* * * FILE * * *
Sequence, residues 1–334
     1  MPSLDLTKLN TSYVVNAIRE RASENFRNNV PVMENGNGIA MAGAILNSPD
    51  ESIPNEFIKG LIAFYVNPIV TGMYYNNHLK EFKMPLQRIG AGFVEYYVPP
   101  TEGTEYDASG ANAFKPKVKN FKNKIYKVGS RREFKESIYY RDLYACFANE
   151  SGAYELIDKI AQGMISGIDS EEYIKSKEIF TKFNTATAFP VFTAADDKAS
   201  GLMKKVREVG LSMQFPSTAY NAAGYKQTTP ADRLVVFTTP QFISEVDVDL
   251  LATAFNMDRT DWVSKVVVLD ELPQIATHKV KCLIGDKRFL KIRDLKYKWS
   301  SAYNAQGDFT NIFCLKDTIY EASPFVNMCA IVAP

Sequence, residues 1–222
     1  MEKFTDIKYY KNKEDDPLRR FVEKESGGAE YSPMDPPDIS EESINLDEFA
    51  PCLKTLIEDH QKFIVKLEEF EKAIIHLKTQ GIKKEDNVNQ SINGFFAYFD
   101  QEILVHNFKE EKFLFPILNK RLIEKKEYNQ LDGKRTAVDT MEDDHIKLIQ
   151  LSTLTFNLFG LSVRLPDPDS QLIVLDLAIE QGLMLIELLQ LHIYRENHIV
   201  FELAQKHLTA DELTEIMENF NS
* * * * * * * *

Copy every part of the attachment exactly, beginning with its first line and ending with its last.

Sequence, residues 1–334
     1  MPSLDLTKLN TSYVVNAIRE RASENFRNNV PVMENGNGIA MAGAILNSPD
    51  ESIPNEFIKG LIAFYVNPIV TGMYYNNHLK EFKMPLQRIG AGFVEYYVPP
   101  TEGTEYDASG ANAFKPKVKN FKNKIYKVGS RREFKESIYY RDLYACFANE
   151  SGAYELIDKI AQGMISGIDS EEYIKSKEIF TKFNTATAFP VFTAADDKAS
   201  GLMKKVREVG LSMQFPSTAY NAAGYKQTTP ADRLVVFTTP QFISEVDVDL
   251  LATAFNMDRT DWVSKVVVLD ELPQIATHKV KCLIGDKRFL KIRDLKYKWS
   301  SAYNAQGDFT NIFCLKDTIY EASPFVNMCA IVAP

Sequence, residues 1–222
     1  MEKFTDIKYY KNKEDDPLRR FVEKESGGAE YSPMDPPDIS EESINLDEFA
    51  PCLKTLIEDH QKFIVKLEEF EKAIIHLKTQ GIKKEDNVNQ SINGFFAYFD
   101  QEILVHNFKE EKFLFPILNK RLIEKKEYNQ LDGKRTAVDT MEDDHIKLIQ
   151  LSTLTFNLFG LSVRLPDPDS QLIVLDLAIE QGLMLIELLQ LHIYRENHIV
   201  FELAQKHLTA DELTEIMENF NS